The 10 Biggest Mistakes Blues Pianists Make
Get free weekly lessons, practice tips, and downloadable resources to your inbox!
Have you ever wondered if your blues playing doesn’t sound quite right? If so, you might be making one of the 10 biggest mistakes blues pianists make! In this Quick Tip, we will go over these 10 mistakes and how to easily stop making them so you can take your blues playing to the next level.
Mistakes Blues Pianists Make #1: Using the Wrong Blues Scale
We all know that the blues scale is one of the best scales to use when improvising over the blues, but the #1 biggest mistake blues pianists make is using the wrong ones. If we are playing a blues in C, we only need to use the C blues scale (based on the I chord). Avoid changing blues scales when the chords change. For example, when we move to the IV chord (F7), don’t switch to using the F blues scale for that chord. Stick with the C blues scale for the entire form and you’ll immediately notice your blues playing sounds better! Next, let’s look at mistake #2.
#2: Playing the Blues Too Fast
As fun as it is to play fast, the Blues is not meant to be a fast style of music! The second of the biggest mistakes blues pianists make is playing too fast. Remember, the blues as a genre is meant to express pain, sadness, sorrow, and loss. Stick to slower tempos (less than 100bpm) to keep the somber feeling of the blues in your playing. Not only will this make your blues playing more authentic, but it will also be easier for you to come up with ideas while you’re improvising!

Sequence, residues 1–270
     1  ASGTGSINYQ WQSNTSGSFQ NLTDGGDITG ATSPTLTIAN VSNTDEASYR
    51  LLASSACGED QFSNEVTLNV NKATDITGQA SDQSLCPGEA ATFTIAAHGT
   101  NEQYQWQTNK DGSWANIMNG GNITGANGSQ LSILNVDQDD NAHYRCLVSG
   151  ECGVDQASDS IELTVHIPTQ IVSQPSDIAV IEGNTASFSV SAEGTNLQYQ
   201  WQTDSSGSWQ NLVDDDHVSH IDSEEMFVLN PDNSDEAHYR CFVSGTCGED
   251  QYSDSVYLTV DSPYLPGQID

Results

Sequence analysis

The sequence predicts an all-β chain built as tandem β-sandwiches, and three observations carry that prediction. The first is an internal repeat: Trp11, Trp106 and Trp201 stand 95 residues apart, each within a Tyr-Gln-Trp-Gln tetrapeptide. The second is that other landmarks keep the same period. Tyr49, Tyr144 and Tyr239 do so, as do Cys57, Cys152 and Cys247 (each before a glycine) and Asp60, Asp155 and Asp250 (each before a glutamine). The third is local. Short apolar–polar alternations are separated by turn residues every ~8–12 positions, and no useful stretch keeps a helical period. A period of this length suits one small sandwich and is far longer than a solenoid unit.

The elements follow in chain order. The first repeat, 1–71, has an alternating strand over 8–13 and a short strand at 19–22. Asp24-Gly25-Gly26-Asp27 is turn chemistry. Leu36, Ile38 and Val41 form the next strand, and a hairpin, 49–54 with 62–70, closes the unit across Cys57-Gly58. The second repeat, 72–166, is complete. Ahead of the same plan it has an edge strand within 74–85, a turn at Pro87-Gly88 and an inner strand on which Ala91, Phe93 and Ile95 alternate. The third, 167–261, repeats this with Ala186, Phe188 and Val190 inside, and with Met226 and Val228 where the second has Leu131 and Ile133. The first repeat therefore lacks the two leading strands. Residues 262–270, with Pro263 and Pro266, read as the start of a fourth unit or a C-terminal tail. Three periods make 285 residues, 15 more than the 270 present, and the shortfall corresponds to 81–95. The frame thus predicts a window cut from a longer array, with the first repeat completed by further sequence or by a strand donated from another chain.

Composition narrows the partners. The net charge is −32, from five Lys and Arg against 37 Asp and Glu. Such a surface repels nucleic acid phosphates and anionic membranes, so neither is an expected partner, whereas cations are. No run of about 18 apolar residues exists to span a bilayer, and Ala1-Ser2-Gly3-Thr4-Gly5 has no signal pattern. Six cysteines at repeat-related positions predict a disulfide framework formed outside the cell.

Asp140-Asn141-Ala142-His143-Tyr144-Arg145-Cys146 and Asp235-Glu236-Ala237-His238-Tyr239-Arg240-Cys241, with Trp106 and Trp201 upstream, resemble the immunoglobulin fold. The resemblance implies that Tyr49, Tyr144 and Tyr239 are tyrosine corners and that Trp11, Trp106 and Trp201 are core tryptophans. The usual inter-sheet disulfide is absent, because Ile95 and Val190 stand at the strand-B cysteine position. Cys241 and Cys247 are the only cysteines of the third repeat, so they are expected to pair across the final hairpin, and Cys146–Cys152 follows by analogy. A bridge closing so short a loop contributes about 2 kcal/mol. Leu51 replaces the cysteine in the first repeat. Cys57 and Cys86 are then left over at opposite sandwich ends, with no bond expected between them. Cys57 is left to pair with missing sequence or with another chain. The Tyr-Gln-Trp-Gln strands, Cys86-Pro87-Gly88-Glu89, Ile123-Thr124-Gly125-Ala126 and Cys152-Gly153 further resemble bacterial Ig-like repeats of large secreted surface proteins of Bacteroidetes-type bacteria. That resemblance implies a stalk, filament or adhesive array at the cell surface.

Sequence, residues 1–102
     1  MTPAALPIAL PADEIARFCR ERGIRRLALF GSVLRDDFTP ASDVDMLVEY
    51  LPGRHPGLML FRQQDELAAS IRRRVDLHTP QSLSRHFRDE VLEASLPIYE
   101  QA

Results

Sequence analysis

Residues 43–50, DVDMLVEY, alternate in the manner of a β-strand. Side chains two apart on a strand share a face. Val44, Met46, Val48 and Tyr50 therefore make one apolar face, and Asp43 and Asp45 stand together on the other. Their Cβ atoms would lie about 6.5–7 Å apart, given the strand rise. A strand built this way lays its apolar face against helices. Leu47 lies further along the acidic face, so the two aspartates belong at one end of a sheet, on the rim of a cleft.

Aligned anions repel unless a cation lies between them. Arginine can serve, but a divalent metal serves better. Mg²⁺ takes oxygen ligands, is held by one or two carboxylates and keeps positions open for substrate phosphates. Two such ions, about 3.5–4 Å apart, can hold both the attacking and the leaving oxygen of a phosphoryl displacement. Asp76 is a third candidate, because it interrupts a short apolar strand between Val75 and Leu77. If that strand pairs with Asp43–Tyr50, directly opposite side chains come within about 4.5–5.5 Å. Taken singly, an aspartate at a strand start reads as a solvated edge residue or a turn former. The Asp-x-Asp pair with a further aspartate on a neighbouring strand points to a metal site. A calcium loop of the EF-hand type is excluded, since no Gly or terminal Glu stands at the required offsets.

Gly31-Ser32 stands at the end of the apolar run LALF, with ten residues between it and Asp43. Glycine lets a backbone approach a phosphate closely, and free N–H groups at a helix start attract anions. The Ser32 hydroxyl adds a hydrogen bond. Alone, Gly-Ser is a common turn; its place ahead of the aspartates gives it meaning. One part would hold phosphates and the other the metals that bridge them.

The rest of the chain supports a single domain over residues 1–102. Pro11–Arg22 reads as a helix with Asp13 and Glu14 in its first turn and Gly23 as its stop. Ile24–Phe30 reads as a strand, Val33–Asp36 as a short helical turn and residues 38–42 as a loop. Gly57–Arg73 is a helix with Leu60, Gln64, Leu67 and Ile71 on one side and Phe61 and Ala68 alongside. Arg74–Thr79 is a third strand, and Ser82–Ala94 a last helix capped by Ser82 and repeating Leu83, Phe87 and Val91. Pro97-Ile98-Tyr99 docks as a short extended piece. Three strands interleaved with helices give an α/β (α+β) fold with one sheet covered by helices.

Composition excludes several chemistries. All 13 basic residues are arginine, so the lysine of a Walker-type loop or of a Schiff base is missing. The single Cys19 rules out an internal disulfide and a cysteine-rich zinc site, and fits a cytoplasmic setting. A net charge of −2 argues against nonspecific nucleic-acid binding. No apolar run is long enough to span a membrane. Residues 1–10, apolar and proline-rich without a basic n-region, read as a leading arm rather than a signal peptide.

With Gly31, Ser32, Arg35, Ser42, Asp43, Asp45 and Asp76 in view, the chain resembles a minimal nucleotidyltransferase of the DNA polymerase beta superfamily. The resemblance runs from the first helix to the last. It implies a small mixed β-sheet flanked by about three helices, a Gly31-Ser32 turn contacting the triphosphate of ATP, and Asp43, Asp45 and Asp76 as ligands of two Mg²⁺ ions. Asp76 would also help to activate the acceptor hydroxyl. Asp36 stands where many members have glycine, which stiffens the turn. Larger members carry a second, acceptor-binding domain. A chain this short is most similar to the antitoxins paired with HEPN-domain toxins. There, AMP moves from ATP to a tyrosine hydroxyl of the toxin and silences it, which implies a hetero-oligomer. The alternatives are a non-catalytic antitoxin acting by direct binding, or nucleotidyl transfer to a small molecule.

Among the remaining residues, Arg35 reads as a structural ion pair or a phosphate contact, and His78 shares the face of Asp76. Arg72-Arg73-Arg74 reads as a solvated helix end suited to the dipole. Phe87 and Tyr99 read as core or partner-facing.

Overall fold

If you want to play blues inspired music faster, boogie woogie is a great style to get into. Invented in Kansas City in the 1920s and 1930s, boogie woogie is the fundamental style that influenced the great swing band of Count Basie.
Check out our Jonny’s Jumpin Boogie course to dig deeper into boogie woogie! Next, let’s look at mistake #3.
#3: Using the Same Riff
Repetition is important in music, but too much is boring and annoying! If you have a riff or two that you love to play, that’s great! Just don’t use it constantly every time you play the blues. Variety is the spice of life, and of music too. There are so many tools you can use to come up with great blues playing, including:
Eighth note and Triplet riffs
Mix and match these different riffs to come up with some amazing blues playing!
Next, let’s move on to mistake #4.
Mistakes Blues Pianists Make #4: Not Connecting Licks